Data was directly recorded into a Microsoft Excel spreadsheet (Microsoft Inc., Redmond, Washington, USA) by the researchers for analysis. Statistical analysis was performed using IBM SPSS 25.0 software and descriptive analyses were performed.
During the seven years of study, a total of 285 patients underwent cardiac catheterization (Figure 1), of which 208 (72.9 %) were pediatric patients (< 14 years of age), and 77 (27.1 %) were adults. The age of patients ranged from one day to 62 years, with mean age of 10.7 years (Table 1). There were 169 (59.3 %) female and 116 (40.7 %) male patients, with female to male ratio of 1.4:1. The weight of patients ranged from 2 – 113 kgs, with mean weight of 27.5 kgs. The various types of cardiac interventions performed are detailed in Table 2.
ASD device closure was performed using Amplatzer septal occluder (AGA Medical, Plymouth, Minnesota) and the outcome is described in Figure 2.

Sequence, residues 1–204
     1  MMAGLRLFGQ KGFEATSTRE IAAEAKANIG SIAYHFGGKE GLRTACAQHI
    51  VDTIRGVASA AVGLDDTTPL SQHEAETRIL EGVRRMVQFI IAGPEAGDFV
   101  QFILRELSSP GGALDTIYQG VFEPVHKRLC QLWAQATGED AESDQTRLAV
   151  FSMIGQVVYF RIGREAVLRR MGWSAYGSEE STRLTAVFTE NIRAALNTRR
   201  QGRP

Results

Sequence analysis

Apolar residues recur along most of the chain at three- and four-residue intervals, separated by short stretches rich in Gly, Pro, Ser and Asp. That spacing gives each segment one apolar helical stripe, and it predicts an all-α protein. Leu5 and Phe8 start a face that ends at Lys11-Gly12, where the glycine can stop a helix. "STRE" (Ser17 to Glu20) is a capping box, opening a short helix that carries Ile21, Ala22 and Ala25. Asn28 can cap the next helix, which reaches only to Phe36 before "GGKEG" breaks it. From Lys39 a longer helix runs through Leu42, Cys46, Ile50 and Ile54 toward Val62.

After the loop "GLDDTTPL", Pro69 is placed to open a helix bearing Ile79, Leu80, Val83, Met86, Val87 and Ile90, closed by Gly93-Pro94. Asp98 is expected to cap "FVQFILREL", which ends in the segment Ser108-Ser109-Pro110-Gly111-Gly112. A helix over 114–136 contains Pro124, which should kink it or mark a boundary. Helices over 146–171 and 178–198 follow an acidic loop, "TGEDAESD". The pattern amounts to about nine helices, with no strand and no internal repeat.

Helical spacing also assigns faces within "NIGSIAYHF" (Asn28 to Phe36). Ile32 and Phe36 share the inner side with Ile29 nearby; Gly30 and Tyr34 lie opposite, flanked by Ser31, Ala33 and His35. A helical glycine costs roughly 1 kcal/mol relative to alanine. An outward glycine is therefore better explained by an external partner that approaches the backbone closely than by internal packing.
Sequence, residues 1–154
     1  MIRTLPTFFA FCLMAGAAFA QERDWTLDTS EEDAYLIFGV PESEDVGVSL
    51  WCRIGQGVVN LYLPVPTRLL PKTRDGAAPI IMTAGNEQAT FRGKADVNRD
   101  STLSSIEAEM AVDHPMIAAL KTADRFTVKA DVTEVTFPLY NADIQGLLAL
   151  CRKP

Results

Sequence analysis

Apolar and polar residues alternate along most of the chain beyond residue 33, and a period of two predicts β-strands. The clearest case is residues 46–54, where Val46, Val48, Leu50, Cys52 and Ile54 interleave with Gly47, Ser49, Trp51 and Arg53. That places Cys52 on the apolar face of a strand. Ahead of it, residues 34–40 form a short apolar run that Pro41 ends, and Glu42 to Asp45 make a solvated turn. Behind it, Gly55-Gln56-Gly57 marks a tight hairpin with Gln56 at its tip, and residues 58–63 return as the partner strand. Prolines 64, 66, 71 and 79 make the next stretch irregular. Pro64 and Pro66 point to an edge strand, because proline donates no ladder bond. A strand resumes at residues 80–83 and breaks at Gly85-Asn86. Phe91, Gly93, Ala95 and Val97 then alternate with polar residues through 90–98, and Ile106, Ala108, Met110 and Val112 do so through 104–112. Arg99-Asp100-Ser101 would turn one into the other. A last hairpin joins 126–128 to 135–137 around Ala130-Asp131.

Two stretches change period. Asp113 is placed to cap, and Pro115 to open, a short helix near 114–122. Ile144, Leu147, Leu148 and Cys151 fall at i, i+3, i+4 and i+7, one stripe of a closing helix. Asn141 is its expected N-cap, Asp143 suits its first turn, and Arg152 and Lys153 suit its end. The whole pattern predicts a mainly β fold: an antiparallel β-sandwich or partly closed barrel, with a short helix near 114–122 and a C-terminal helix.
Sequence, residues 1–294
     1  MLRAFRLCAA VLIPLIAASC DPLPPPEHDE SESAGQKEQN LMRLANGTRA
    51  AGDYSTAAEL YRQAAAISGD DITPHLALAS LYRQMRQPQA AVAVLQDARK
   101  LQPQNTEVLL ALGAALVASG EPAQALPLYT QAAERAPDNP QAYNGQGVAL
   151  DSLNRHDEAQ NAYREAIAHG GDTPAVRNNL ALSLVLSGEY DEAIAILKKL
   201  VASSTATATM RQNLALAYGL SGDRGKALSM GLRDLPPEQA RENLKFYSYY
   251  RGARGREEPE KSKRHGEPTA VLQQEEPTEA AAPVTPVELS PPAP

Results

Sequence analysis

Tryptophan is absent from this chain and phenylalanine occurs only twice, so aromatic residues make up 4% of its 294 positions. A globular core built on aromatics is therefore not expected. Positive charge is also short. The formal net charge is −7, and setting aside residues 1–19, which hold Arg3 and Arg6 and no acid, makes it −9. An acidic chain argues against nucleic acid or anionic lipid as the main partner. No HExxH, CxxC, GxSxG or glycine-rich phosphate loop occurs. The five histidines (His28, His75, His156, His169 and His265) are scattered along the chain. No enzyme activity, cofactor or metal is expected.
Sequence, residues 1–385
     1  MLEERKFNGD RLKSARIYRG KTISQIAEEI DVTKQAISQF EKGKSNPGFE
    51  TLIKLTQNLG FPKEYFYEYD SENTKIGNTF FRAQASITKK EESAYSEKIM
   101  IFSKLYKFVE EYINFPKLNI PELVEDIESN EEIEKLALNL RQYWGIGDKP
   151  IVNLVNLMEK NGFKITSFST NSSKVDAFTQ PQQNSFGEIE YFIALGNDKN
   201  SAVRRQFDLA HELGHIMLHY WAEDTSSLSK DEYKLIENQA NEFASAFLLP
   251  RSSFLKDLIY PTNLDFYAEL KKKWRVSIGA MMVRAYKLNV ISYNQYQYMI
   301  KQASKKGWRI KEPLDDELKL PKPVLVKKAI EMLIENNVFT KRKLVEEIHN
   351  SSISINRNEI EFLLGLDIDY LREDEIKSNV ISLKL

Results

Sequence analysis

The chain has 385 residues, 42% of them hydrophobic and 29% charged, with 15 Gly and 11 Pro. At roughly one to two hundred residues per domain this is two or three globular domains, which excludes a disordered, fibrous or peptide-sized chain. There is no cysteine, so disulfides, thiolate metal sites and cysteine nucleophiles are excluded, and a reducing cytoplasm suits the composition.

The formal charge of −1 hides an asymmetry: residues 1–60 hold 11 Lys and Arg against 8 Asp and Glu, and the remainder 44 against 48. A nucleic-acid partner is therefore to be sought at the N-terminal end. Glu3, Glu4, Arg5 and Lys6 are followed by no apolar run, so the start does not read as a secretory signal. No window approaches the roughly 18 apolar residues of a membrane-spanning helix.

Amplatzer Duct Occluder devices (AGA Medical, Plymouth, Minnesota) were used in all patients (n = 66). Successful PDA device closure was performed in 63 patients (95 %); the procedure was abandoned in three patients due to the smaller size of the defect and difficulty in crossing the PDA. A complication of arch obstruction occurred in only one child who was ventilator dependent from the neonatal age, with large significant PDA requiring larger PDA device to occlude. The child was weaned from ventilation and discharged. At follow up, he was found to have increased aortic-arch obstruction, requiring surgical arch repair.
VSD device closure was attempted in five patients of whom three underwent successful device closure. Device closure could not be done in one patient, as the device was causing obstruction of tricuspid valve. Device embolization occurred in one patient, which was retrieved surgically.